Cable companies act as distributors for video programming. They are middleman between us and the content we want. The content owners often want cable companies to agree to various terms to carry their content. This could be an agreement to carry less popular channels in exchange for the must-haves, specific channel assignments, or, as is usually the case, more money than last year. While we’re the consumers of the content, we have very little say in the purchasing decision. Almost annually, one or more cable providers will get into a fight to put on a good face as a customer advocate, lose the programming for a few days or weeks, and we get stuck with the higher bill.

In the same way, insurers act as a distributor for access to healthcare. They’re also middlemen, but between us and medical providers. The medical providers spend a lot of time and energy trying to maximize payments from insurance companies. The actual consumers of the service, you and me, have very little leverage or control over the process. In fact, we usually aren’t even able to find out what a given procedure costs, instead hoping that our insurance will, on our behalf, negotiate better pricing.

Just like TV viewers who traded their cable package for Netflix, doctors are already wising up to the insurance scam. With the cost of managing insurance claims and constantly cut payments, some practices spend more than half their income managing the mess. Some even go so far as to offer a sort of insurance of their own that, when combined with a high-deductible catastrophic plan, is much cheaper than carrying insurance. How do they do it? It’s not just the overhead. They’re also able to do tests either in-house or with negotiated rates of their own, sometimes for pennies on the dollar what it would otherwise cost.

So why hasn’t this model been broken to pieces? As John McClane says, it’s always been about the money. Just as with cable, there’s a lot of it on the table. Content providers like forcing every single cable subscriber to pay a small fee for their stations whether they want/watch them or not. It’s a model that puts a lot of money in a lot of pockets by socializing the costs. Medical coverage is largely the same way. In fact, well-managed quality care would likely shutter half the hospitals in the country. The Comcasts and the Blue Shields of the world are making a sizeable fortune on inefficiencies.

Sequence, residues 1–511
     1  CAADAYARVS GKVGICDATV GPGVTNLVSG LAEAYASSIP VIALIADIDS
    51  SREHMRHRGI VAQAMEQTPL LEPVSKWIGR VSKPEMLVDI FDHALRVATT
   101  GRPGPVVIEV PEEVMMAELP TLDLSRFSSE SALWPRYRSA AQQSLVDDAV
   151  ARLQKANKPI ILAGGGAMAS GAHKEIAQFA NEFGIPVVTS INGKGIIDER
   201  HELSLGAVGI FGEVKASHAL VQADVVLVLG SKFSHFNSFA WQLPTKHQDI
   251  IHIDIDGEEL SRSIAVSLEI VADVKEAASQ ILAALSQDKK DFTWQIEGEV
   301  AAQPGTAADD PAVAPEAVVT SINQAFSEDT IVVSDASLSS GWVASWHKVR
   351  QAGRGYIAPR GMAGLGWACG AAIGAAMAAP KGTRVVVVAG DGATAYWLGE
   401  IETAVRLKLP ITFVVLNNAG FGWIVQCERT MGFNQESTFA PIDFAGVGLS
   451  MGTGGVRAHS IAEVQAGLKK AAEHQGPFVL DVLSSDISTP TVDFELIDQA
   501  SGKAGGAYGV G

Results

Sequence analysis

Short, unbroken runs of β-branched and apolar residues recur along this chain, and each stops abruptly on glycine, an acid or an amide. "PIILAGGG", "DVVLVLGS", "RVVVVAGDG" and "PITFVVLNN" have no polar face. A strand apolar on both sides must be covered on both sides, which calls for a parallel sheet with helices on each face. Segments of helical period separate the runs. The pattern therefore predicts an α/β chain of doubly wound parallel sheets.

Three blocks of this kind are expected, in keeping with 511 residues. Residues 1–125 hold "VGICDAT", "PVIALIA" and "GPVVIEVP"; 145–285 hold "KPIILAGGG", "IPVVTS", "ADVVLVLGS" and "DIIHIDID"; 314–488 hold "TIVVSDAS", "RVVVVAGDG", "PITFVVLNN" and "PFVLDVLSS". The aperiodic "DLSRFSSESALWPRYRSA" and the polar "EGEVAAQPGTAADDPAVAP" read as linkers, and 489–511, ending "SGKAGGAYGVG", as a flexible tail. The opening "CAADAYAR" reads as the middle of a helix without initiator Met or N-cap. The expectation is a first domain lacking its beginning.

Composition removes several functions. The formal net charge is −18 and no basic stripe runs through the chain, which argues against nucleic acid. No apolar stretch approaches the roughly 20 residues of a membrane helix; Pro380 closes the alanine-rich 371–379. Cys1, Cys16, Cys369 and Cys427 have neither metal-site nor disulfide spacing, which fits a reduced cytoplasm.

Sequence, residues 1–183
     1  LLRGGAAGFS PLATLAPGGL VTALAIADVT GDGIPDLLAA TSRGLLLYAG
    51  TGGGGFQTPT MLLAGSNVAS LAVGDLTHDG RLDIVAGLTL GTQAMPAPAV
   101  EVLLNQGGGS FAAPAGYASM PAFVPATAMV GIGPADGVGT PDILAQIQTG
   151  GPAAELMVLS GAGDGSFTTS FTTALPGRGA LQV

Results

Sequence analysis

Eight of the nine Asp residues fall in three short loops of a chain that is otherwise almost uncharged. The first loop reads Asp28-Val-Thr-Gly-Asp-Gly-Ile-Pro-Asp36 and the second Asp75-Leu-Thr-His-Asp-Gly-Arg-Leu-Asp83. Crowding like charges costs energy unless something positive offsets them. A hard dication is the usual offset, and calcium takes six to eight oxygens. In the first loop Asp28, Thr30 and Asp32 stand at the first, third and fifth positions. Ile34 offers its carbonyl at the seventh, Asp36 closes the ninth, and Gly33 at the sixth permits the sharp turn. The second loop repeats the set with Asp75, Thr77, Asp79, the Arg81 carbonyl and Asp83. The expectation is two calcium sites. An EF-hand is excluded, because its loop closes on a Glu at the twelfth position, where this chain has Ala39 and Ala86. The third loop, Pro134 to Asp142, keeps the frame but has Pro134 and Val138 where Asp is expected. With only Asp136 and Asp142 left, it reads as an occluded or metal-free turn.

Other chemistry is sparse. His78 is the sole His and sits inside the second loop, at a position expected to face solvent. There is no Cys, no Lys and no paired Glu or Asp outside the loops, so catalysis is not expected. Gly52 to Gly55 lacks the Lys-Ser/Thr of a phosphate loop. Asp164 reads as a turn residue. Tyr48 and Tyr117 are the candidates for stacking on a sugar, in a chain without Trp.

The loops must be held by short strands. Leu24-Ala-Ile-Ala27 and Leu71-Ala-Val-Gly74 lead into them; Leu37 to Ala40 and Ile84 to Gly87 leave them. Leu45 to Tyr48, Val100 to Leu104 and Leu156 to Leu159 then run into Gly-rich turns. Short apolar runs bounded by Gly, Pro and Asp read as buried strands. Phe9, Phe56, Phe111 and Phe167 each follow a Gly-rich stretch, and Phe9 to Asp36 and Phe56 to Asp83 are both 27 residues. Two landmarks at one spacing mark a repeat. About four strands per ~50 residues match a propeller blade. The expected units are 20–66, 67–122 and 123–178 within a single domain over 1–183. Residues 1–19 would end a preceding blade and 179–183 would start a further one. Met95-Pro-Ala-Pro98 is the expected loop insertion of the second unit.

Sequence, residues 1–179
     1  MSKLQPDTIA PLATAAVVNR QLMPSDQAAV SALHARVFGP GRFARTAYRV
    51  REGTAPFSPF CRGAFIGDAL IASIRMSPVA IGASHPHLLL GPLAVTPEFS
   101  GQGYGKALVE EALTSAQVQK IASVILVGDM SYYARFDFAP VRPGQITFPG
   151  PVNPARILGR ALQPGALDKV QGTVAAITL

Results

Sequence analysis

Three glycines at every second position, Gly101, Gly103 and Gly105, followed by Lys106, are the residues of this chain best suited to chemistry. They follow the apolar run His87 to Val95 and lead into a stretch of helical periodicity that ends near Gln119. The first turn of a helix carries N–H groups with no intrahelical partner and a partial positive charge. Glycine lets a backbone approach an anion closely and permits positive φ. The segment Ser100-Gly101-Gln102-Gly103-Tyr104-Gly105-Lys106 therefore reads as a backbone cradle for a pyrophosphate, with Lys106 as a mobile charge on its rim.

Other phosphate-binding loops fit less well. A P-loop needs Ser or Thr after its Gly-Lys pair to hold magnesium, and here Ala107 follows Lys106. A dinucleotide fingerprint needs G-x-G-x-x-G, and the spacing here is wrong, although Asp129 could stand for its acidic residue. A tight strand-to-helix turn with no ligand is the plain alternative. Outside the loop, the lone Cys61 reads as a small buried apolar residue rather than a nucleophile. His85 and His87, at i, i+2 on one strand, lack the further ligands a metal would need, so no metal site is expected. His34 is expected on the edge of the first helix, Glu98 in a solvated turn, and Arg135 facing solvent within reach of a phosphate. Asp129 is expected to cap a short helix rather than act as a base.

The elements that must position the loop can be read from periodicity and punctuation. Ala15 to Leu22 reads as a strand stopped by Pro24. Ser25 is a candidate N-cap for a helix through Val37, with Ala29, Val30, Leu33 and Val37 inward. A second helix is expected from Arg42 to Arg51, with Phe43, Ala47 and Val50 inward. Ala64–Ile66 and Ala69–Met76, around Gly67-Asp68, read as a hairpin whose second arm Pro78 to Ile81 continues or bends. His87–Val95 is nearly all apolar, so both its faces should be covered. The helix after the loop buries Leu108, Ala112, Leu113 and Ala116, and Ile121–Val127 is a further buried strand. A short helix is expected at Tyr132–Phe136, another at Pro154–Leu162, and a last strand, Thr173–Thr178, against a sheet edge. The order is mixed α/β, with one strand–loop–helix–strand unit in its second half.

As with most enterprises facing their own extinction, the knee-jerk reaction is to try and insulate themselves against the changing winds, at least until they can figure out how to keep their bottom lines. Cable reacts by scaring programmers away from selling directly to consumers, degrading competitors that use their hugely profitable Internet connections to bypass traditional distribution channels, and blocking competition in their local markets with predatory pricing. Insurance is taking more-or-less the same road. They got a law passed to require everyone to buy their product, secured huge subsidies for those who can’t afford to buy it, and don’t have to answer at all for costs. Both have found ways to coerce others into supporting a model that they hate and want to replace.

What this highlights is the danger of strong market dominance by a single player. That dominance inevitably leads to higher prices for a lower-quality service. Solving those problems requires disruption from new players, not doubling down.